President Cyril Ramaphosa testifies at corruption probe into previous South African government

Published : August 13, 2021 13:57 IST

South African President Cyril Ramaphosa said his ability to fight corruption would have been impaired had he resigned. Photo: Rogan Ward/REUTERS

President Ramaphosa justified remaining a part of ex-President Jacob Zuma's government, saying he tried to fight graft.

South African President Cyril Ramaphosa appeared for a second day's testimony on August 12 before the Commision of Inquiry into State Capture. The testimony comes weeks after widespread riots and deadly unrest broke out following former President Jacob Zuma's imprisonment last month.

What did Ramaphosa say?

Ramaphosa, who served deputy president under Zuma, said the country's intelligence agency was weakened by corruption. "We have been through a period of state capture that really debilitated a number of state institutions," Ramaphosa said, using the term in South Africa for corruption of the state. The State Security Agency, he said, "was one of the agencies that was compromised."

On August 11, Ramaphosa told the commission he was largely in the dark about the level of corruption and refrained from addressing it because he thought it would be better to tackle it from within. Ramaphosa said at one point he had considered stepping down.

"While I would have earned praise from many quarters, this action would have significantly impaired my ability to contribute, to bring about an end to state capture," Ramaphosa said.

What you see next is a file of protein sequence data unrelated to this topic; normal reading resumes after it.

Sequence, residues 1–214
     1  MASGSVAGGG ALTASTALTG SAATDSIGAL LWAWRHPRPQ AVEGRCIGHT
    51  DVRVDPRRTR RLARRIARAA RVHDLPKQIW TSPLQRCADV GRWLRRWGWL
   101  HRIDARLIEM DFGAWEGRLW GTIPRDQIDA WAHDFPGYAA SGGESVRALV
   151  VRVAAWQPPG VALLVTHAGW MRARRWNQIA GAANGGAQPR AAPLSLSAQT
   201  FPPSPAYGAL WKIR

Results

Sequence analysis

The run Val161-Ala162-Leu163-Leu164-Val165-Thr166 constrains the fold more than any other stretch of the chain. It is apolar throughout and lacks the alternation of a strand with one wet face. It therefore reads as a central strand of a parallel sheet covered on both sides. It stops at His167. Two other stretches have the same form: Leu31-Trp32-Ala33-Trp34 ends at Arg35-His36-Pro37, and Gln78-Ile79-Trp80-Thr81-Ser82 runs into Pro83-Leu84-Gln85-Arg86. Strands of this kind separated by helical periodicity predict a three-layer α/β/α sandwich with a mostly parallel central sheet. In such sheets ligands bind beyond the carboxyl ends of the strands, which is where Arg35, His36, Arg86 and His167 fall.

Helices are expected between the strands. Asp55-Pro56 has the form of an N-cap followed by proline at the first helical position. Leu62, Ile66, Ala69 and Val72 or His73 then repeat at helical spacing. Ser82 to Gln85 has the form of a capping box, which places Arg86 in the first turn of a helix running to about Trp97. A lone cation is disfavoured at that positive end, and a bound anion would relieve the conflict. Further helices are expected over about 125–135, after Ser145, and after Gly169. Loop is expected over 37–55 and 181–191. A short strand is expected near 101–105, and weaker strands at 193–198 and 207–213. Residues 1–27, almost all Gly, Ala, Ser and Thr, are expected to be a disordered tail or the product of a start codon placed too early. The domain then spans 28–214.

What is the Commission of Inquiry into State Capture?

The commission is an investigation into allegations of corruption and fraud in the public sector and organs of state during Zuma's time as president from 2009 to 2018. When Zuma announced the establishment of the inquiry in January 2018, he called for there to be cooperation with the commission. "I trust that we will all respect the process and place no impediments to prevent the commission from doing its work," he said at the time.

Many of the allegations relating to corruption during the Zuma presidency involve the Gupta family, three Indian brothers, Ajay, Atul and Rajesh. The businessmen managed to foster close ties with the Zuma family. There have been countless allegations of corrupt relationships between the brothers and senior officials.

The family is accused of influencing the hiring and firing of government ministers, including the country's finance minister. The brothers deny the allegations.

Probe sparks outbreak of violence

Ultimately it was Zuma's failure to appear before the commission that then led to him becoming the country's first democratically elected president to receive a custodial sentence from the Constitutional Court. It was his subsequent imprisonment in July that was the catalyst for an explosion of violence and looting. Over 300 people in South Africa were killed during days of violent clashes.

The country's security agencies appeared slow to respond at first.The security vacuum saw armed citizens effectively take the role of police, who were completely swamped by the level of unrest.

Ramaphosa's government said what happened during those days, was an attempted insurrection. In response to the scale of unrest in two of the country's provinces, it was decided to deploy 25,000 troops to help police pacify the situation.

kb/rs (AP, AFP)